Police in northwest Pakistan have re-arrested at least 41 of the nearly 250 prisoners who escaped during a Taliban attack on a major jail that killed more than a dozen people.
Authorities around the country also moved some of their most notorious militant inmates to more secure facilities after the jailbreak late Monday raised fears about the security of Pakistani prisons.
An interior ministry official said additional reinforcements were being deployed at all major prisons, particularly those in Karachi and in Punjab province where some of Pakistan's most prominent Taliban members are held.
The top civilian official Mushtaq Jhadoon in Dera Ismail Khan, the town in Khyber-Pakhtunkhwa province where the century-old jail is located, said that operations were continuing on Wednesday.
"We have carried out actions today, too. We arrested some suspected escapees in our district, Kulachi. The inspector-general was suspended along with 25-28 police officers. We also recommended that the inmates be transferred to another prison," said Jhadoon.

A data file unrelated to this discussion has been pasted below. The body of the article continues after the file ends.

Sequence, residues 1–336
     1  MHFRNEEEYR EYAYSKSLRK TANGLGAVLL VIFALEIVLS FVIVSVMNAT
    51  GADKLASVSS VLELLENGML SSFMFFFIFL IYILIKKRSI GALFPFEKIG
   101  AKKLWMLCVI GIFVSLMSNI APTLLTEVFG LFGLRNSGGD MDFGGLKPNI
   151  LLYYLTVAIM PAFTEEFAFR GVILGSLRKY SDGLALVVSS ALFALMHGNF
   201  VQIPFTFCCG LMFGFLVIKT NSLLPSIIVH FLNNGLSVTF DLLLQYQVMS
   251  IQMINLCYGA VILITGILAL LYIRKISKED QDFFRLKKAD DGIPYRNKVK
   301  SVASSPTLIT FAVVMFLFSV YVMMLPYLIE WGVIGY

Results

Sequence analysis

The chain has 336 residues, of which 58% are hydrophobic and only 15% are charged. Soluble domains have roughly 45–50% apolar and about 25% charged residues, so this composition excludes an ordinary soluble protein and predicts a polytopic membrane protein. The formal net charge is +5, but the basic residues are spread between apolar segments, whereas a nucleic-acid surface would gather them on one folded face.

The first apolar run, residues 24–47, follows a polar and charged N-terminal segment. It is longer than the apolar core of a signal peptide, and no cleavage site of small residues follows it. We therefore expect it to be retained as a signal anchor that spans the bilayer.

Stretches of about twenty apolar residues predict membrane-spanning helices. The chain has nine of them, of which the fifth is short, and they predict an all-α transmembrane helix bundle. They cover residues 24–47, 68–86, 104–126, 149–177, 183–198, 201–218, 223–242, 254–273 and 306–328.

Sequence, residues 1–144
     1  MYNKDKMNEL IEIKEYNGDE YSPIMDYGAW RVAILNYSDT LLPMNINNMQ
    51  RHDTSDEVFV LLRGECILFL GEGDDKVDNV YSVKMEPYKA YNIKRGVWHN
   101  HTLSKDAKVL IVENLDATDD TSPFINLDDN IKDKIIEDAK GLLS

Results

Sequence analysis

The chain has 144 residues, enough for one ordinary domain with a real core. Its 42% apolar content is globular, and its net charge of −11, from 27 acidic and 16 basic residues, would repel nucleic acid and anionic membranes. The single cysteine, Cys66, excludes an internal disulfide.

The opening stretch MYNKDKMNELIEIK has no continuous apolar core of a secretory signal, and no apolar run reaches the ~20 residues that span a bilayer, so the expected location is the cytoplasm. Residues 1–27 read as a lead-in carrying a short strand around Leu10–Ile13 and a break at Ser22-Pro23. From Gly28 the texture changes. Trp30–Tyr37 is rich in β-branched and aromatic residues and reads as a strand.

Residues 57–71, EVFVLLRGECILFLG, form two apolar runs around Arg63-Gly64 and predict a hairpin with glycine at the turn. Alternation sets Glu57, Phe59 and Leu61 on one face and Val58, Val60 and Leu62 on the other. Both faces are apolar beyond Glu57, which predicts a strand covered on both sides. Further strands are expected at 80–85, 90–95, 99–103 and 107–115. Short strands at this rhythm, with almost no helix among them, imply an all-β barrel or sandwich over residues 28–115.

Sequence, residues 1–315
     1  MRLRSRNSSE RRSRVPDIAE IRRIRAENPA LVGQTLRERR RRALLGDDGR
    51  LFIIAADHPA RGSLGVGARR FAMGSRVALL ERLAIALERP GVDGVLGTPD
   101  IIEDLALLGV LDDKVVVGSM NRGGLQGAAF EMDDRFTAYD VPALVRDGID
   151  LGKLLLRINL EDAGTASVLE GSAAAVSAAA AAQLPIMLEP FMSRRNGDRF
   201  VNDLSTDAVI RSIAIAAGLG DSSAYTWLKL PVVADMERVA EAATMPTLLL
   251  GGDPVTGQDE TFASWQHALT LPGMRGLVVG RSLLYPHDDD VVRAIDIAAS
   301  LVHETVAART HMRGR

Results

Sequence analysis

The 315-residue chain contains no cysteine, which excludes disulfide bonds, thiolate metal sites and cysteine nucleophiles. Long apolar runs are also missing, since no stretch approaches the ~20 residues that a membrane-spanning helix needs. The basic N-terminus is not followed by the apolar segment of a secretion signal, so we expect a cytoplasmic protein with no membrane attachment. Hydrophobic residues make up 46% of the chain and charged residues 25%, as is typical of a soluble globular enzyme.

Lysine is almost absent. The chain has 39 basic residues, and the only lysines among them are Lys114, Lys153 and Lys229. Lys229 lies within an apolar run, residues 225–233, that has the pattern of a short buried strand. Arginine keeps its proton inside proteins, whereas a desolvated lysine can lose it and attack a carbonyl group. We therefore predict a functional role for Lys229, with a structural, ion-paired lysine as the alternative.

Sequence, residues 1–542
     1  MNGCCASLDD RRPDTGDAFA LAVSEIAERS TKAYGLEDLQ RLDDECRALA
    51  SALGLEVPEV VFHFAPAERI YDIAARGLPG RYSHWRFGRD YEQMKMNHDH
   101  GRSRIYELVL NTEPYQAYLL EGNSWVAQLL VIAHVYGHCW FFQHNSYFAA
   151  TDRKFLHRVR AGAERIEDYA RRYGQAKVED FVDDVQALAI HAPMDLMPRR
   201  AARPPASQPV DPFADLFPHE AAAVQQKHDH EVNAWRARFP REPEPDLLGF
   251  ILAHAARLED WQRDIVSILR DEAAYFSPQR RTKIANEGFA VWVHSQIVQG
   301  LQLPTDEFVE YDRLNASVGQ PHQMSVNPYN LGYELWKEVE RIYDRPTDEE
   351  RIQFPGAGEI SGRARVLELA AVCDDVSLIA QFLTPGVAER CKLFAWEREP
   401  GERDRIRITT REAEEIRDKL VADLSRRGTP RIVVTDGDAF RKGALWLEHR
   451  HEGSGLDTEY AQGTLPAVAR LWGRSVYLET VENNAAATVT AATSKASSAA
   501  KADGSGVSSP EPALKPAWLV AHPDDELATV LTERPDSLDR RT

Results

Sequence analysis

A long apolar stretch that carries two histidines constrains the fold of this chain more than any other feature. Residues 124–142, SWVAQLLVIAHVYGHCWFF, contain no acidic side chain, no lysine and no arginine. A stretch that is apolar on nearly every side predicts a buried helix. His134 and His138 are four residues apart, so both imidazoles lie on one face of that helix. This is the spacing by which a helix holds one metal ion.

Officials in the capital, Islamabad, were quick to accuse provincial authorities of incompetence, saying intelligence agencies had sent them several tipoffs about an impending attack in the area.
Local residents also expressed outrage.
"We are surprised too, that in the back side of prison there is a police line. Every side of the prison has checkposts, how did so many people enter and release inmates easily? No one stopped them. The security forces got there late, when it was morning," said Mohammad Ali, a local resident.
Heavily armed militants first fired explosives at the prison's main gate and then moved into the facility, where they set records on fire and freed inmates.
Officials said 14 people, including six policemen, were killed during the attack, which lasted for several hours. About 30 mid-ranking Taliban fighters were among the prisoners who escaped during the raid.